Wall Street Decathlon Raises Team Event Bar as JP Morgan DefendsErik Matuszewski
JP Morgan Chase won the Wall Street Decathlon’s team competition last year with a trio that had a perfect balance of speed, strength and agility. They might have to add a fundraising specialist to successfully defend their title.
The charity event, which opens registration today on its website, has revamped its team competition so the amount of money raised for Memorial Sloan-Kettering Cancer Center in New York will now account for a third of the overall score.
The change is one in a series organizers have made to the team format and makes fundraising almost as essential as the 10 events held on and inside the track at St. John’s University on June 13. Since it was founded in 2009 to crown the best all-around athletes on Wall Street, the decathlon has raised more than $5 million for cancer research.
“We hope it will bring even more competition,” said Jonathan Mason, 24, an ex-Harvard defensive back and equity sales trader at JP Morgan for the past two years. “We’re excited to get back out there, work hard and raise some money.”
The decathlon team event now has its own day -- one day before the individual competition on June 14 -- and because of demand from the participant and donor bases, only the team captain is required to work in financial services. The field will be limited to 100 teams.
Paul Bjorneby of UBS Securities LLC said he’s looking forward to the opportunity to team with some friends or clients from outside Wall Street. The head of natural resources in equity capital markets at UBS, Bjorneby, 40, participated in the individual part of the competition last year.
“I have a number of good friends who have watched the event grow over the years and expressed interest in competing as well as raising money, but they don’t work in financial services,” Bjorneby said. “Until this year they haven’t been able to participate. I also think the team competition will bring some of our clients into the mix, which is fantastic and a great way to help build those relationships.”
Teams can include two to four competitors -- male or female -- and captains can invite colleagues, clients, vendors, partners or friends.
In another change, competitors can choose to participate in any of the 10 events, with only the top two scores per team recorded. There are three running events, at distances of 40 yards, 400 meters and 800 meters. Other events include pull-ups, a football throw, an agility drill, a 500-meter stationary row, vertical jump, bench press and dips -- a triceps exercise where competitors lift their own body weight.
Along with Mason, last year’s winning team from JP Morgan included Jason Price, who was an All-American sprinter at the University of Southern California, and Phil Alexander, who had a brief NFL stint after playing linebacker at Duke University.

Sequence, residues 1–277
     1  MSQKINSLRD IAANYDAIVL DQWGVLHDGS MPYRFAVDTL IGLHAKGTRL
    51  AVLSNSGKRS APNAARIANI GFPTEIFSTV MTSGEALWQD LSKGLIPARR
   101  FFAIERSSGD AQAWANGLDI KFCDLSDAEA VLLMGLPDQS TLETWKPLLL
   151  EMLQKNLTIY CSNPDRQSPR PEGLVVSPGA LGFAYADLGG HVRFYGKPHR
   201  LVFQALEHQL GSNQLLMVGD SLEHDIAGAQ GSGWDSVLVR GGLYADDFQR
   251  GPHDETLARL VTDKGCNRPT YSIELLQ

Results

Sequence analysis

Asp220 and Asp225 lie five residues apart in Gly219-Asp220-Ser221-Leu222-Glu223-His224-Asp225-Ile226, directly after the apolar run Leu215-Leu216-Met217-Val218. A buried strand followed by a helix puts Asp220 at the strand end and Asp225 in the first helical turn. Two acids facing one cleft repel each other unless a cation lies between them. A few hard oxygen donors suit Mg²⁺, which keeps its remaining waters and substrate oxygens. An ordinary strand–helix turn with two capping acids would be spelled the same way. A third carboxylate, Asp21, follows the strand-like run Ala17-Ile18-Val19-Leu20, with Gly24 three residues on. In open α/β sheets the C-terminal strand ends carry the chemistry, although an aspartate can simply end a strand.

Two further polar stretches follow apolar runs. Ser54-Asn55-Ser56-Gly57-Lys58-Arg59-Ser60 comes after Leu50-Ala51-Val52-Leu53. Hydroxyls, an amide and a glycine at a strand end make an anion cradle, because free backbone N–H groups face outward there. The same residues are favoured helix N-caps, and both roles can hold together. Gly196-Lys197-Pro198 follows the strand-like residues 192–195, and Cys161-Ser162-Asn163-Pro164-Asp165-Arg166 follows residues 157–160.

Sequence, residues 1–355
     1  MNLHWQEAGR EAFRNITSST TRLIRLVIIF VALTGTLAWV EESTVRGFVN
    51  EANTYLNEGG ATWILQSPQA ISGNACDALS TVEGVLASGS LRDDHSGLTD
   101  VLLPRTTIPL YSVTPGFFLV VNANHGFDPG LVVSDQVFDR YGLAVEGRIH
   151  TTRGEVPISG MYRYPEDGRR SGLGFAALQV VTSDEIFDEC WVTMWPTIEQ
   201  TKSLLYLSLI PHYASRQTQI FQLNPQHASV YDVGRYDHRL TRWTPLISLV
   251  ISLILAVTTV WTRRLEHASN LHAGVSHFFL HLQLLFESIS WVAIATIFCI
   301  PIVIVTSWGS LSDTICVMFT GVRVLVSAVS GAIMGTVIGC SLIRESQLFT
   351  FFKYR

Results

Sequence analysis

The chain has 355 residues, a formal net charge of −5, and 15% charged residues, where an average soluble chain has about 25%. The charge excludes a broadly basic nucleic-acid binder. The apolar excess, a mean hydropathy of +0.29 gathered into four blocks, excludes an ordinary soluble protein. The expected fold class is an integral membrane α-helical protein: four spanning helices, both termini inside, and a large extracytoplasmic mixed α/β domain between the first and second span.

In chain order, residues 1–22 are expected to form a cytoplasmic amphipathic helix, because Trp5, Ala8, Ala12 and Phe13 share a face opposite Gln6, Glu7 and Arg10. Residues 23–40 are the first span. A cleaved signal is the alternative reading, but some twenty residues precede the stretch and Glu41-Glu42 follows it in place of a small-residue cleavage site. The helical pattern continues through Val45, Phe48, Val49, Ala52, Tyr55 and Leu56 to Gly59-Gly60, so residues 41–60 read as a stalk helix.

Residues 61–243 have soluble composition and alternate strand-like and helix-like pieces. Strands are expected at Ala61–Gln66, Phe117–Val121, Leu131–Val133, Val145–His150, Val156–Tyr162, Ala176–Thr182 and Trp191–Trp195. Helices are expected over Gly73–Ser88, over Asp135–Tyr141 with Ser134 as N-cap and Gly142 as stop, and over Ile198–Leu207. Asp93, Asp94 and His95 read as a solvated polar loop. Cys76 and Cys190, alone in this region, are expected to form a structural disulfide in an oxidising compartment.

The team a year ago had a “preliminary day” to determine each member’s strengths and then divvied up the events while raising $11,000 in donations. Price, 26, specialized in the sprints, Alexander, 31, focused on the strength events and Mason’s strength was agility. They haven’t yet determined who their fourth member for this year’s team will be.
“With the contributions we were able to make last year, the firm will be behind us and whoever the fourth member is will be able to contribute a great deal because of the profile of the event,” said Price, who two years ago triggered a $100,000 donation by running the 400 meters in an event-record 51.08 seconds. “The dedicated day for the team event means more of the competitive fire to further the donation dollars.”
Added motivation to defend the title came from a visit the JP Morgan team made to Memorial Sloan-Kettering Cancer Center following last year’s event.
“We got to see how what we’re doing is making a difference,” said Mason, who lost an uncle to cancer. “We’ve seen where it’s going and we’ve seen the people we’re helping.”
The individual competition, in which former Penn State safety Mark Rubin of Barclays Plc will be seeking a fourth straight title, will be capped at 150 participants, each of whom has to raise at least $3,000 in charitable donations. The individual event is scheduled for June 14 at St. John’s DaSilva Memorial Field in the Queens borough of New York City.
In addition to prizes for the top three overall finishers, there’s an individual women’s champion and awards for the top executives and in several age groups.
Mark Spina, a managing director at Voya Investment Management, has participated in the decathlon for five years and in 2012 was the top finisher in the over-40 group. He’s planning to compete in all 10 events again this year, though he’ll switch over to the team competition.
“The level of competition ranges from elite athletes to weekend warriors,” said the 44-year-old Spina, who stays in shape throughout the year with CrossFit workouts and by playing in men’s soccer and basketball leagues. “A group of us in the over-40 category have a great time each year, pulling for each other to succeed and just keep competing.”